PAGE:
We’ve told some of our closest friends and family that I was pregnant. I didn’t mind people knowing because I knew if something went wrong I would need a support system. And, well, I didn’t think anything would actually go wrong. When it did I was so very glad for the people in my life. In the midst of heartache I had never known, I also felt like I had won the friend and family lottery.
In the days that follow and I’m talking to friends and research the internet I make a bizarre discovery: around 25% of all pregnancies ends in a miscarriage but no one really talks about it. I even figured out that two of my best friends had a miscarriage but never told anyone.
Why are woman keeping their miscarriage a secret?
Why is it a taboo to talk about a miscarriage? Ad why don’t we know what to say someone who experienced a miscarriage? I’m certain that everyone who goes through a miscarriage experiences the loss differently. If I had to guess though, I’d say most women (and men) find it really, really fucking difficult. The whole experience would have been so much easier for me if I would have known what to expect and if I would have known that it happened to so many people around me.
What to say to someone who had a miscarriage?
I don’t have the answer to that question. Everyone is different. For me, the important thing is to say something. Almost anything. As long as they’re meant in sympathy, any sort of words, in some sort of order, are likely to be helpful. For all of you who are desperately afraid of saying the wrong thing, of making it worse, of reaching for a cliché, let me tell you this: something is better than nothing.
I also think it’s a bit unfair to expect people to know exactly what I’m going through or what to say because miscarriage just isn’t a mainstream conversation. And the only way this is going to change is if people start talking about it. If you don’t know what to say or what might help – ask. Before I had a miscarriage, I honestly didn’t have a clue. I had no idea, for example, that a miscarriage could be silent or ‘missed’. Or that it could require surgery. So ask how someone feels. Ask if they want to talk about it (they might say no, fair enough). Ask about what you don’t understand. Otherwise, nothing will change.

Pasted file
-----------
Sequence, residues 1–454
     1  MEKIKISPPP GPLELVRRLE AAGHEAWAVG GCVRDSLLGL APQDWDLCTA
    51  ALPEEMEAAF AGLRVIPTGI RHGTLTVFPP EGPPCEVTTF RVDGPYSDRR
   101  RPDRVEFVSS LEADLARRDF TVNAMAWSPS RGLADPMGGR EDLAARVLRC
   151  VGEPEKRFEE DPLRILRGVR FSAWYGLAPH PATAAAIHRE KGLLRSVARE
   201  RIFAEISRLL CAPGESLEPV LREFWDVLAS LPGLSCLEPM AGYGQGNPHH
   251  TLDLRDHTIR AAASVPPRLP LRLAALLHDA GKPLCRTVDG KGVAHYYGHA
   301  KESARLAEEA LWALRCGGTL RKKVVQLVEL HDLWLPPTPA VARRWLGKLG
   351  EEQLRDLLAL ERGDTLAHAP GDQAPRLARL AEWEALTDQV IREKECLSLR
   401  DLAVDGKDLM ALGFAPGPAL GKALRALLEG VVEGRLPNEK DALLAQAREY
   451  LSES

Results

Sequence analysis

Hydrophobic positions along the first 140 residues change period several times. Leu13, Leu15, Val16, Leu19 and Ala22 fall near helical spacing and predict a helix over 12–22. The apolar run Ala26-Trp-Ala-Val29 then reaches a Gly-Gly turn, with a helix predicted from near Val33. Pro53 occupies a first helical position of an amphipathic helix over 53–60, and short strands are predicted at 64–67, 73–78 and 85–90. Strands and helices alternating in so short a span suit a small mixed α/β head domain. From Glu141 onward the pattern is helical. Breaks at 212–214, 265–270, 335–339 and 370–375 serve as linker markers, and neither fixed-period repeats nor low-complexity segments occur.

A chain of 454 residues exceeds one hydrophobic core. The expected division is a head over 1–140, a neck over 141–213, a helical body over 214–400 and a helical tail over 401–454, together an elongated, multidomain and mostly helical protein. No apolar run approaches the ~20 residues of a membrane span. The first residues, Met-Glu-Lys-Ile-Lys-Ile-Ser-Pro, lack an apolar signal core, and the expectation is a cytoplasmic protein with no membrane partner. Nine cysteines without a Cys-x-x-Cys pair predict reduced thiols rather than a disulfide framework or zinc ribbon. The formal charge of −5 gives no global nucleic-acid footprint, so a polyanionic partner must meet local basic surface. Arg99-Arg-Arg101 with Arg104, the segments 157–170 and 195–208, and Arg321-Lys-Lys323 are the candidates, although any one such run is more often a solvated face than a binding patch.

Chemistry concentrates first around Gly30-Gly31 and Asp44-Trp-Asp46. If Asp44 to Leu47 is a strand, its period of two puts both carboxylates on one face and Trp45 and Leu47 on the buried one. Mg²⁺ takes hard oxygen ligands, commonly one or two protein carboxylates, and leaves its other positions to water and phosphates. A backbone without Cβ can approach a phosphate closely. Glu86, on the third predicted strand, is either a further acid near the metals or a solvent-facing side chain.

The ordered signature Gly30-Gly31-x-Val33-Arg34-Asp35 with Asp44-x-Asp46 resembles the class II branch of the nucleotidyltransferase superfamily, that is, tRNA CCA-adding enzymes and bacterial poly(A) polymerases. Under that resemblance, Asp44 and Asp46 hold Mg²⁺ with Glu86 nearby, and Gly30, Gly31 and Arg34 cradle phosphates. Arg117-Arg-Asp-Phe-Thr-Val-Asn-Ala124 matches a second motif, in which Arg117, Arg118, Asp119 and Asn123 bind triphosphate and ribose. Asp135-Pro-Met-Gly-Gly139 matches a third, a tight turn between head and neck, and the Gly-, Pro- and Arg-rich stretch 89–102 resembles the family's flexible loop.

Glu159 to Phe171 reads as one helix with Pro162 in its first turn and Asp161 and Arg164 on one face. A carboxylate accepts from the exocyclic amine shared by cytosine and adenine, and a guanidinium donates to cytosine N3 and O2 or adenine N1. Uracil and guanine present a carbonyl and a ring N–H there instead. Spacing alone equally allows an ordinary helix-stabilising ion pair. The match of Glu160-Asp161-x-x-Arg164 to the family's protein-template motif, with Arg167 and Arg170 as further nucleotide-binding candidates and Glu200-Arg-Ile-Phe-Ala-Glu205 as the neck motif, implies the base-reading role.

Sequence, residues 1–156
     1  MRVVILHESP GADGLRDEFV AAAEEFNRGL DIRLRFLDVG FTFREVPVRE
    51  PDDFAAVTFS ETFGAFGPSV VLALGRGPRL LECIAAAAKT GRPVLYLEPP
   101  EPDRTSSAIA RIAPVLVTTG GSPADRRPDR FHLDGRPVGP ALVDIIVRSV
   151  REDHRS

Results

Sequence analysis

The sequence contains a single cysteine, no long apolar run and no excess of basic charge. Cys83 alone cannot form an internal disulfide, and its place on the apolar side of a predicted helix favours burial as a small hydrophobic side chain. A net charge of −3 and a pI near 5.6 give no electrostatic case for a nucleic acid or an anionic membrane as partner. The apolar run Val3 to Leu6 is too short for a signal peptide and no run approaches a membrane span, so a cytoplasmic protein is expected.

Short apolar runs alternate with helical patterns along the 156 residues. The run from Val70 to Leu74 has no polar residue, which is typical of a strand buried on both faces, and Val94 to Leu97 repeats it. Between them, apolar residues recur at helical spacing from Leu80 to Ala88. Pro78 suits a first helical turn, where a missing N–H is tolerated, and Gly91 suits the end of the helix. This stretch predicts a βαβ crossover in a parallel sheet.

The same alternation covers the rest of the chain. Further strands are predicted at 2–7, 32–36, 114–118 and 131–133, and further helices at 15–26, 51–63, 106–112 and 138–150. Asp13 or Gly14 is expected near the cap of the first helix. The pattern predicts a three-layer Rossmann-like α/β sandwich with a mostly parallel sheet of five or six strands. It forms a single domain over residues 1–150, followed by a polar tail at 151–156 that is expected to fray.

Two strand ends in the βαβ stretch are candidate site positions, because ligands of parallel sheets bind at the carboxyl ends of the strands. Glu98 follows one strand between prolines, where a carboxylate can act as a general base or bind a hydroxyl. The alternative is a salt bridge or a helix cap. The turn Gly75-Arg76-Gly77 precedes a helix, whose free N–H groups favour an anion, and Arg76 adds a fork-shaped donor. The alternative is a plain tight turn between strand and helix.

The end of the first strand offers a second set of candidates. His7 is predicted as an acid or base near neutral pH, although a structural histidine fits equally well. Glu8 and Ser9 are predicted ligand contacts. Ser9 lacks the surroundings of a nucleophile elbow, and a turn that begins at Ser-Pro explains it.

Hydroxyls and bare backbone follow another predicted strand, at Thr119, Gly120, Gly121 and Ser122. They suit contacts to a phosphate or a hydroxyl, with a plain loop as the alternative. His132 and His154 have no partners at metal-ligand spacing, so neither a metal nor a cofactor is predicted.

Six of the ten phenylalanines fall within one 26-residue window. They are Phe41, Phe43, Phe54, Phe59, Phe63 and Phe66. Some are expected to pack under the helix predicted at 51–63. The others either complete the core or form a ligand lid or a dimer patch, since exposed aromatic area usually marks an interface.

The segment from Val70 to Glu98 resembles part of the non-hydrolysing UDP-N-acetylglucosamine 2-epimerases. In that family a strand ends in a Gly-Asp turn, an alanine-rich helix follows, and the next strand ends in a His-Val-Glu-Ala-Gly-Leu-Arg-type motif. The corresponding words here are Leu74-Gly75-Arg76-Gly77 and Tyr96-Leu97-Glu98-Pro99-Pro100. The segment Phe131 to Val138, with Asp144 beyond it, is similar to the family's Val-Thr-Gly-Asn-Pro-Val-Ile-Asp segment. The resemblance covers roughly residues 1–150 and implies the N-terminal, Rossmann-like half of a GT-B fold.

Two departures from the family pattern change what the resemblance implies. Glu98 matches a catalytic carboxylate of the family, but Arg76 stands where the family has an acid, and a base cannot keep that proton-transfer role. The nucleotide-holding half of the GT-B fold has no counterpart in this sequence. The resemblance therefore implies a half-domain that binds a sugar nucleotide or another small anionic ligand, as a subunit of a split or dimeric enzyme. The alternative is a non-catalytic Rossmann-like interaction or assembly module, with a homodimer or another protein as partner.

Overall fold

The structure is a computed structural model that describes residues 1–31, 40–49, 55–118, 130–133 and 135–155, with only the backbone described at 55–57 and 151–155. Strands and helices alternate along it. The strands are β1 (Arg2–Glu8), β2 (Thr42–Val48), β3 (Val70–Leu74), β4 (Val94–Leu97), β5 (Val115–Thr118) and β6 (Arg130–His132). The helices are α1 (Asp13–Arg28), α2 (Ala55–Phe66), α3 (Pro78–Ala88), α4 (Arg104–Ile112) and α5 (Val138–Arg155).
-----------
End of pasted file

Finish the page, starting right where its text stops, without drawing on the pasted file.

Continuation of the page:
Life is a miracle
Heartbroken and confused, my pregnancy symptoms left me, one-by-one, and they sure didn’t fail to take a piece of my heart every time they decided to disappear. The days pass by and I feel a bit better every day and my soul is healing. I am grateful to know that I can get pregnant. I am grateful that – even for that small amount of time – I got to experience being pregnant and the joy that comes with that. I’m grateful that I’m still standing feeling strong and healthy.
I experienced more than ever that life is a miracle. It’s all out of our control, whether someone lives or dies. Cherish every moment you live, and be thankful for every second you have with your loved ones. You never know how long you will have with them, and every moment is as important as the last. Even if you only have about seven weeks with them.
It’s time to break the cycle of #silentsisterhood
So here’s to SHARING our stories. Showing our strength and telling our tales. Here’s to loss and what could have been. And here’s to hope. I hope that by my sharing my story at least one woman in this world feels that she is not alone. I would like to tell her: Stay strong. You’ll get through this. That, I can promise.
I hope that by sharing my story I inspire others to do the same. And if you don’t feel comfortable sharing it on social media (which I completely understand as I’m terrified to publish this post) share it at least with your best friends. Let’s break the cycle of #silentsisterhood and create a world where woman feel comfortable sharing their experience and a miscarriage is no longer a taboo subject.